Tips for physicians to shore up their financial portfolio

July 10, 2017

New currents are flowing in the world financial markets.

Traditionally, a diversified, or balanced, portfolio is invested in stocks for growth and bonds for preservation of principal. This somewhat simple strategy has helped balance risk and reward investors over the long term, but new currents are flowing in the world financial markets. 

A report by McKinsey Global Institute, “Diminishing returns: Why investors may need to lower their expectations,” concludes that “The forces that have driven exceptional investment returns over the past 30 years are weakening, and even reversing. It may be time for investors to lower their expectations.” 

The report estimates that average annual returns could potentially decline to anywhere from approximately 4% to 6.5% for stocks and 0% to 2% for bonds. The McKinsey study was produced before the rally in stocks that began late last year and continued into early 2017, but it is still very much worth considering for its longer-term perspective.

From a financial planning perspective, this viewpoint should encourage investors and retirement savers to do two things: First, make sure the assumptions that you are using for investment returns are realistic and conservative. Second, look to include asset classes other than stocks and bonds into your financial portfolio.  

You should always plan for the worst and hope for the best. My team typically uses a hypothetical rate of return of no more than 4% to 5% for our clients’ financial plans.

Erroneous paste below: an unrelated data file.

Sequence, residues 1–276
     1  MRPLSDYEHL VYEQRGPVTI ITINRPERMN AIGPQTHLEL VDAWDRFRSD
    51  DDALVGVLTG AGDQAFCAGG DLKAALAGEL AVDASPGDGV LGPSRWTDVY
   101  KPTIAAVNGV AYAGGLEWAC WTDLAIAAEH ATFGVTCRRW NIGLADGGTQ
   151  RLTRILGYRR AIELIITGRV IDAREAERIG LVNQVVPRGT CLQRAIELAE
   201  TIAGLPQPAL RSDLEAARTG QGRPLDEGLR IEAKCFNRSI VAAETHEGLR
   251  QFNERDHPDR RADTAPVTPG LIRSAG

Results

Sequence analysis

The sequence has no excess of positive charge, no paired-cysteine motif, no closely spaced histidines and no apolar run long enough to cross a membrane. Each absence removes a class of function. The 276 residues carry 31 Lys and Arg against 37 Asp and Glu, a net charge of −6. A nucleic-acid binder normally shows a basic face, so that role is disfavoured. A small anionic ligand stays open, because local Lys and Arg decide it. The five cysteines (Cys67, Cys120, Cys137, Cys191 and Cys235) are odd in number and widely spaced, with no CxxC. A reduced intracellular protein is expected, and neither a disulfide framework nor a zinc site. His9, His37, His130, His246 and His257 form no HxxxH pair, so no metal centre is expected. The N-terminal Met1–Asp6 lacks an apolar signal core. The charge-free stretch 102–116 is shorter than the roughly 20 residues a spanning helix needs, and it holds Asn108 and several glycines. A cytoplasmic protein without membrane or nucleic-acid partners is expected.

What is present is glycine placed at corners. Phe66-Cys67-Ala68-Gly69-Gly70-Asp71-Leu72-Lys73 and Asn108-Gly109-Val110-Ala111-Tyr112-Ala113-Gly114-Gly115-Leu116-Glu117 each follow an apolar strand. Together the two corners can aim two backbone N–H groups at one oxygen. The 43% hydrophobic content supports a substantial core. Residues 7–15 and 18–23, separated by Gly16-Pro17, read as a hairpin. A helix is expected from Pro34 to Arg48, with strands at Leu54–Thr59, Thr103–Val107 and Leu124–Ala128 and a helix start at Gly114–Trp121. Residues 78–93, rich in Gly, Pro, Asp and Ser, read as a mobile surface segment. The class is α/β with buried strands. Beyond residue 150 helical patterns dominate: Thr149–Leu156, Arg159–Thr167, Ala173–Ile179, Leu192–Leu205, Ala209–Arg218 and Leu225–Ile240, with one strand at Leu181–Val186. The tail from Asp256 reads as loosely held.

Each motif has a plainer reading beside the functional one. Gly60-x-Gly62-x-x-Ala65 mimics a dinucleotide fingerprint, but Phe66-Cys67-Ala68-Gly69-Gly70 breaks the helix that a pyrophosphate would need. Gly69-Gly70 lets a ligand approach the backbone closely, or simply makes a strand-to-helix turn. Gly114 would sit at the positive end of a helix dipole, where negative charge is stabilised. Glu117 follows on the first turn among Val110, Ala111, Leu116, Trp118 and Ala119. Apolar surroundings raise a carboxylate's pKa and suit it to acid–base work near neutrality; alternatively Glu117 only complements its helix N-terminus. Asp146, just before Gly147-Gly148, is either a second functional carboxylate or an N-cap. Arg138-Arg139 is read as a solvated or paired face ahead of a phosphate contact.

If your investments outpace your projected returns, you will be in the comfortable position of being over-funded for retirement-a good  problem to have.

 

Most wealth managers would advise that diversifying into multiple assets classes that historically have investment performance unrelated to one another is a smart strategy.  The desired result is to achieve the same returns of an all-stock portfolio by taking less risk.

Investors have typically accomplished this task by using gold and real estate; however other alternatives do exist such as utilizing the cash-value of your whole life insurance policy.

While everyone generally recognizes the financial protection life insurance provides, there are unique characteristics offered with whole life insurance in comparison to some other alternative assets. Whole life, for example, builds guaranteed cash value over time that increases each year and will never decline in value due to changes in market conditions.  

These guarantees built into the policy can be particularly valuable for clients who have retired and need to make withdrawals to help support their lifestyle. Withdrawals do reduce the death benefit and cash value in the policy, but you probably won’t need as much death benefit in retirement as you did when you were working.

A common strategy to maximize the cash value of a whole life policy is to pay off the policy in full within 10 years. Fully paying up the policy early enables you to front load all the expenses, getting them out of the way so that the cash value can benefit from the contractual growth rate in the policy and annual dividends, if declared.